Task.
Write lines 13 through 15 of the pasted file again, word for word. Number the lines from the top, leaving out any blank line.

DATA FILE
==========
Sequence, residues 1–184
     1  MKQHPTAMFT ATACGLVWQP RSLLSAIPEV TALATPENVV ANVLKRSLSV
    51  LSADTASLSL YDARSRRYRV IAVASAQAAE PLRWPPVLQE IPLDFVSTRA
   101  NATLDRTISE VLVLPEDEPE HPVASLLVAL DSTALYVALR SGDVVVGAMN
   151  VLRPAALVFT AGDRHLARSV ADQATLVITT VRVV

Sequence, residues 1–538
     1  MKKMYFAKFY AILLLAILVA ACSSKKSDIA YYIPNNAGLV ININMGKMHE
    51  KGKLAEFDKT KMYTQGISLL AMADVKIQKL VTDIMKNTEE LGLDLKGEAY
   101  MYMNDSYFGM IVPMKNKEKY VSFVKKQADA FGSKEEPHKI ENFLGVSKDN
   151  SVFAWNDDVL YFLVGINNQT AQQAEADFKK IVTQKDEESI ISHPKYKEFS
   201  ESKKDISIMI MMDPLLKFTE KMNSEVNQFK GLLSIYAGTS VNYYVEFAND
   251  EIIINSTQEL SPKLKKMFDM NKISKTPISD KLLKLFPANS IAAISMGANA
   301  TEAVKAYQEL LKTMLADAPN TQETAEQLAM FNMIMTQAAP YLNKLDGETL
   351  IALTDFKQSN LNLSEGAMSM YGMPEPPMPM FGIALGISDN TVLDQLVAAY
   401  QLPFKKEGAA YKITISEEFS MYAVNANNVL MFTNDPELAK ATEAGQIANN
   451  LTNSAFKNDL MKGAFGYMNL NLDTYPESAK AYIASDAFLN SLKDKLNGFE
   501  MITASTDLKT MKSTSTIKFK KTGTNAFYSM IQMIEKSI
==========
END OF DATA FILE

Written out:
   301  TEAVKAYQEL LKTMLADAPN TQETAEQLAM FNMIMTQAAP YLNKLDGETL
   351  IALTDFKQSN LNLSEGAMSM YGMPEPPMPM FGIALGISDN TVLDQLVAAY
   401  QLPFKKEGAA YKITISEEFS MYAVNANNVL MFTNDPELAK ATEAGQIANN